Kimberly Cardinal Piscatelli, Vice President and Partner of Cardinal Honda: Eliminating feelings of non-inclusion is simple: Include everyone! Our store may go overboard at times with daily mini-meetings, managers weekly meetings and monthly whole-house meetings, but we believe that the benefit is worth it.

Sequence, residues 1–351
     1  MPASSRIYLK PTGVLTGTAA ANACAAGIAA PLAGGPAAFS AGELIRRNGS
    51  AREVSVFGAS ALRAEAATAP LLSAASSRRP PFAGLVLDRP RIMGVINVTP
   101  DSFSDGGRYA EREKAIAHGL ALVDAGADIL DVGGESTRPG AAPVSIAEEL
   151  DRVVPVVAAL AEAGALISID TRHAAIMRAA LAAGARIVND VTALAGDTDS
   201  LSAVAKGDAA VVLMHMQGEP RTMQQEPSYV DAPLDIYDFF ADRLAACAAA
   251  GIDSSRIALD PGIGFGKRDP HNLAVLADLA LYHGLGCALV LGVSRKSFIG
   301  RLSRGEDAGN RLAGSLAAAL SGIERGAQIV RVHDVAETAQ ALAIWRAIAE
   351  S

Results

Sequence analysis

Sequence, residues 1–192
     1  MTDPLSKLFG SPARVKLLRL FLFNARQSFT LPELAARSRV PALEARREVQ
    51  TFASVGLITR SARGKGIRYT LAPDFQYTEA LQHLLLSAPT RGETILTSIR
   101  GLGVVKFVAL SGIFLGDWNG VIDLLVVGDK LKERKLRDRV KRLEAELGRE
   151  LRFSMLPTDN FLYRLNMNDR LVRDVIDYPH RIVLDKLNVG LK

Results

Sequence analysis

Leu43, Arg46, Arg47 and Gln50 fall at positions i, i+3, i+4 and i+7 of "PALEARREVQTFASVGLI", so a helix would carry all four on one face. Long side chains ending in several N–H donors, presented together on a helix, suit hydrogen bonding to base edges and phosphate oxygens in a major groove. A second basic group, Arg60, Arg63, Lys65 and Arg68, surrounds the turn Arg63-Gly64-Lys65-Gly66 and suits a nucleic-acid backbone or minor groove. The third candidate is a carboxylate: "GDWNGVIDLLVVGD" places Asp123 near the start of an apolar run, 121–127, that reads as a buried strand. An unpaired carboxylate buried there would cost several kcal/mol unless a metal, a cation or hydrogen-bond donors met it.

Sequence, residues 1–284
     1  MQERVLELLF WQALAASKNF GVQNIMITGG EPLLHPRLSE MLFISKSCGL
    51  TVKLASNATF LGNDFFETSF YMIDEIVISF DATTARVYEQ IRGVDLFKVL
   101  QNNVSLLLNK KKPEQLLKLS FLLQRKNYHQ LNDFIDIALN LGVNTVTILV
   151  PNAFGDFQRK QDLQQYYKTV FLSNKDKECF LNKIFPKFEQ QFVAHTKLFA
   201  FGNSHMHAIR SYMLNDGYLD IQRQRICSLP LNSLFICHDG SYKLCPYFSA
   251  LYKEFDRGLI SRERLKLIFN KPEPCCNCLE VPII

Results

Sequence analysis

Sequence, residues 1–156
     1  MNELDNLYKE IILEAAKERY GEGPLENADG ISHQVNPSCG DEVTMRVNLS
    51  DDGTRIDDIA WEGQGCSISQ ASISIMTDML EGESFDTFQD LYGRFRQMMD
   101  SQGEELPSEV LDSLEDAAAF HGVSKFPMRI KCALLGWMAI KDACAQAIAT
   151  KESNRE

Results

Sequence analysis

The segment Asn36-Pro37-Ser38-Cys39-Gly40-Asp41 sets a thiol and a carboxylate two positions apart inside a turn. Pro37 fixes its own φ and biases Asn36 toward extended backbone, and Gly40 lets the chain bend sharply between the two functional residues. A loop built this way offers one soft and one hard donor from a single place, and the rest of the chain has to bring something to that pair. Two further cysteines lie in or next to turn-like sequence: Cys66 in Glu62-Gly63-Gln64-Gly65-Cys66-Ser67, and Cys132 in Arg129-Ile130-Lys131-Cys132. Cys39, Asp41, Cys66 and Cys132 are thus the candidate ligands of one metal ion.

At our weekly managers meetings, we have an interesting process of actually passing a baton to indicate who is the leader of that week’s meeting. The leader of the meeting serves as the moderator, is responsible for the agenda and keeps the meeting on task and on time. At the end of the meeting, the baton is passed to another manager, alphabetically, who will then be responsible for next week’s meeting. Monthly, we celebrate recognition of all kinds in our whole-house meeting. We celebrate birthdays, work anniversaries, awards, life milestones and good news. We give a brief overview of our current focus topics and discuss monthly opportunities. Our strategy is not “all work and no play.” Socially, we celebrate together at our couple’s holiday party, and again, at the Fourth of July parade, where families are included. In the summer months, we offer a catered lunch for employees and their guests monthly. Children and spouses join workers as well as friends, extended families and customers. The grandmother of our reconditioning specialist enjoys lunch with the grandchildren of our comptroller. Ours is a family business with a strong measure of a business family.